I am a sufferer of SID – Scary Imaginodeficiency Disorder).

What does this mean?

Well, when you grow up in a really sheltered household, you don’t go through the same scary experiences growing up. No ghost stories, no horror movies or frightening TV shows – pretty sure that growing up, the only things I was really scared of were Yosemite Sam hiding under my bed (no, I don’t really have any idea why – but red-haired mustached cowboy/Texas Tech mascot – seems fairly reasonable…), my dolls and stuffed animals not being tucked in and feeling unloved, and my mother.

But anyway, you know how you’re supposed to roll around in the dirt and eat rocks and bugs and lick the handle of the grocery cart and all that when you’re a kid to build up your immune system? It’s so you don’t get sick, right? So your body is prepared to take the common onslaught of everyday germs and you don’t end up getting pneumonia every time you encounter the public?

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Well, I have a theory that you should do the same thing with scary stuff to build up your fright tolerance. Otherwise, you end up as an adult walking around poking things with a baseball bat or refusing to watch scary commercials. Or The Simpsons. Or to enter your own home if there’s a gecko near the door. Or to walk by a frog. You know, all those reasonable things that normal humans may occasionally fear. (TOTAL sidebar: I tried to find a Ferris Bueller sick day gif and ended up on a brother-sister incest blog – Eww and WTF?! Really, Matthew Broderick and Jennifer Grey? Control your fictional selves!)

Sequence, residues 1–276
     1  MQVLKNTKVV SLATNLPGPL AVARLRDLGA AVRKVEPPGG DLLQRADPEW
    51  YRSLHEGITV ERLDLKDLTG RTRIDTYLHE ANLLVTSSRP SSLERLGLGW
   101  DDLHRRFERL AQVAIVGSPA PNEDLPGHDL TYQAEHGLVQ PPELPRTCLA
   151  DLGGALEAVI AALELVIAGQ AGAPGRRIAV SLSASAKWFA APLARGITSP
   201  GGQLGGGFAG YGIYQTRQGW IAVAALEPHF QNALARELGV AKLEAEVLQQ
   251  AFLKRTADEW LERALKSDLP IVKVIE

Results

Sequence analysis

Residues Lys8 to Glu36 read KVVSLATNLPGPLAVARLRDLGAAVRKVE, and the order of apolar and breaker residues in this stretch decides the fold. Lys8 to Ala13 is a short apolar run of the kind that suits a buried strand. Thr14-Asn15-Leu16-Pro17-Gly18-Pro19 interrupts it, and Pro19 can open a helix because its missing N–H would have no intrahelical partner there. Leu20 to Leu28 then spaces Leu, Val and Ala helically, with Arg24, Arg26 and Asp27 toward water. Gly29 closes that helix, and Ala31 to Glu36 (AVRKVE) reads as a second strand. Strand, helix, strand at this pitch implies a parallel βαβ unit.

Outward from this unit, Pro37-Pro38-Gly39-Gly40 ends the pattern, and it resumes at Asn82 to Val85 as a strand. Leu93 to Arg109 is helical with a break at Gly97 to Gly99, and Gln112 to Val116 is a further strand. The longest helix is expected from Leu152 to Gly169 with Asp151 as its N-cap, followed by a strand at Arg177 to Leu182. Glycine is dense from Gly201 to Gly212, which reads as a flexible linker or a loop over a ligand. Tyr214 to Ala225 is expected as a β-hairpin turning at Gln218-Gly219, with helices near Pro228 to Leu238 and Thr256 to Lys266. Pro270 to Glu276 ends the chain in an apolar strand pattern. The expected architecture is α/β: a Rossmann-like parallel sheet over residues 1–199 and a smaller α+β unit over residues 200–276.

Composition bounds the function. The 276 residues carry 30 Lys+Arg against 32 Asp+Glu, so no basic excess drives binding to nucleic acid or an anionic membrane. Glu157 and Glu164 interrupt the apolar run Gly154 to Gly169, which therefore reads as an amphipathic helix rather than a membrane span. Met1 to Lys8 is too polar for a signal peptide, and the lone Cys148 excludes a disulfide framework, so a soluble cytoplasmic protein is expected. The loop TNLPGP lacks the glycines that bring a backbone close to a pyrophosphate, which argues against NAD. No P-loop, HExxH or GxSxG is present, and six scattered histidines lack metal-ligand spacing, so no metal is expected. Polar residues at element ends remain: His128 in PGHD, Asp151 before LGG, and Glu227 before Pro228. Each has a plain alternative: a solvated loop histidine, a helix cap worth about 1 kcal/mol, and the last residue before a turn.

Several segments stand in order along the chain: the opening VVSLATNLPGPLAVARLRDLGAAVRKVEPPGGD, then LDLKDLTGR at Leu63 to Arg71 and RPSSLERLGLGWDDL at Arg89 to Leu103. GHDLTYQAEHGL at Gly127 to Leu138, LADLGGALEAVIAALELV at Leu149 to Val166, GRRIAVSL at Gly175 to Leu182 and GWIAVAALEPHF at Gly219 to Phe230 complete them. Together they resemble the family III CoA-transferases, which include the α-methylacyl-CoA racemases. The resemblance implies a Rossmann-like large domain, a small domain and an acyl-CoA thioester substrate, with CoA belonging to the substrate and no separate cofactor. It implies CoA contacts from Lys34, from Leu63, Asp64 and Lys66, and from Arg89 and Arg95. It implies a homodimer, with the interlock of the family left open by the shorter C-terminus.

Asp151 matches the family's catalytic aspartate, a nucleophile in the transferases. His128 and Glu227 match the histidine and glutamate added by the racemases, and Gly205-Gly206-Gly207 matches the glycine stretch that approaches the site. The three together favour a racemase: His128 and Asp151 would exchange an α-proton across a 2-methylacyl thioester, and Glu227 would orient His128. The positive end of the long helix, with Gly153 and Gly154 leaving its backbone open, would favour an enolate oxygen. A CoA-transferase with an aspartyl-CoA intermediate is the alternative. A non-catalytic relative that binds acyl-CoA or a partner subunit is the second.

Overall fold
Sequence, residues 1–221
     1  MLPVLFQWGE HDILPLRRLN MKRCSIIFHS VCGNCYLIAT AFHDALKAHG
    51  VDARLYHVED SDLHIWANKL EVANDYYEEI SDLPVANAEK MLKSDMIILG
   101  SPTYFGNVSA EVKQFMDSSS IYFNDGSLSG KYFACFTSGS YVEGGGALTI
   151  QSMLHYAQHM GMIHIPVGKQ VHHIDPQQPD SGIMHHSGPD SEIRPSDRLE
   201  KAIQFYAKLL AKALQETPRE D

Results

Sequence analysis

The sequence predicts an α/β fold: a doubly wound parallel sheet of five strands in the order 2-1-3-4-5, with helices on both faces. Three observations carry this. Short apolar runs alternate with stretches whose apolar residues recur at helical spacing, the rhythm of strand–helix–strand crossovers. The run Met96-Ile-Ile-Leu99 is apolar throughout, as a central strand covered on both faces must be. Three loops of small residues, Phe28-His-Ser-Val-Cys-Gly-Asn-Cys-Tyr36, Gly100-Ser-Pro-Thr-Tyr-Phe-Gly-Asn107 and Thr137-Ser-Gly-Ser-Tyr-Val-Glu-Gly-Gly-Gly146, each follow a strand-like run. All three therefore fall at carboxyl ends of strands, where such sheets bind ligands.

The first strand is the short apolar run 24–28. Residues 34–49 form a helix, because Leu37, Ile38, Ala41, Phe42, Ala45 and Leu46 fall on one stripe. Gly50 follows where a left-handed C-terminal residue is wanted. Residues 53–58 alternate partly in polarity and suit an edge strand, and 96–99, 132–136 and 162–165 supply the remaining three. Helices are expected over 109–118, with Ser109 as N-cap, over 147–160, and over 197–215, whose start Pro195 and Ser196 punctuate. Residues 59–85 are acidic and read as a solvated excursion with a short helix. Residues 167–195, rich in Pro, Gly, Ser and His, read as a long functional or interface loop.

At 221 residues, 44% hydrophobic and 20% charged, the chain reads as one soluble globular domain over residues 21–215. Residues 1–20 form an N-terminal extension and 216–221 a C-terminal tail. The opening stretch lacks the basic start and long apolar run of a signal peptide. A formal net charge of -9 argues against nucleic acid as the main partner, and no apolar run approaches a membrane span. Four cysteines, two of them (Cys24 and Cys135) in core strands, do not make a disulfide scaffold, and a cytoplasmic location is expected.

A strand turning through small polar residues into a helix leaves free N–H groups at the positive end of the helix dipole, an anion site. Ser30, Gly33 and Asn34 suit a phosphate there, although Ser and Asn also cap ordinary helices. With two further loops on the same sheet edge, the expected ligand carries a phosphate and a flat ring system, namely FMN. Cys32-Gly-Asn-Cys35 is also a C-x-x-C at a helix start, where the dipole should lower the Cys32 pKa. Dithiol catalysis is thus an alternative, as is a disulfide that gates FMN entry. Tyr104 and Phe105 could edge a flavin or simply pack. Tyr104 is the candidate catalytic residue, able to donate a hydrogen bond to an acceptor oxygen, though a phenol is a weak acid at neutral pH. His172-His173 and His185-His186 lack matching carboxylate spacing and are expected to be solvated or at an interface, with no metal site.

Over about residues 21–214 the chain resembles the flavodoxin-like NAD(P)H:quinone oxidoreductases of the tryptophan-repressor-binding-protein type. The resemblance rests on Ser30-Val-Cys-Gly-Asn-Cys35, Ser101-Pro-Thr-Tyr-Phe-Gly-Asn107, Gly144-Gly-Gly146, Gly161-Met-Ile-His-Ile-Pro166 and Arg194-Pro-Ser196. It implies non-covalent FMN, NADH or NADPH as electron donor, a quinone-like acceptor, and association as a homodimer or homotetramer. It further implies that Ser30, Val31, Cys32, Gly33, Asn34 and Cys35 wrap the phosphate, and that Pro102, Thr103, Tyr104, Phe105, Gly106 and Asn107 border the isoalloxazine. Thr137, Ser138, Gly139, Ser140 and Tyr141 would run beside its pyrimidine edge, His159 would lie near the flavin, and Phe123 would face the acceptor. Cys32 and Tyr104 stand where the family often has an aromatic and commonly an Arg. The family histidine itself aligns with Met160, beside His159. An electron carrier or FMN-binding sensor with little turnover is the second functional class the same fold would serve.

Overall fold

This discussion came to a head today when we were planning for the Hex Tex ceremony for later this week (just one of those weird superstitious and awesome collegiate traditions, when Will said, “Submitted for the approval of the midnight society,” and then looked at me questioningly, as though expecting a laugh. And I looked back at him blankly and said, “Huh?”

Turns out there was a kids show – you may have heard of it, called “Are You Afraid of the Dark?” and said show was made for the express purpose of scaring little kids.

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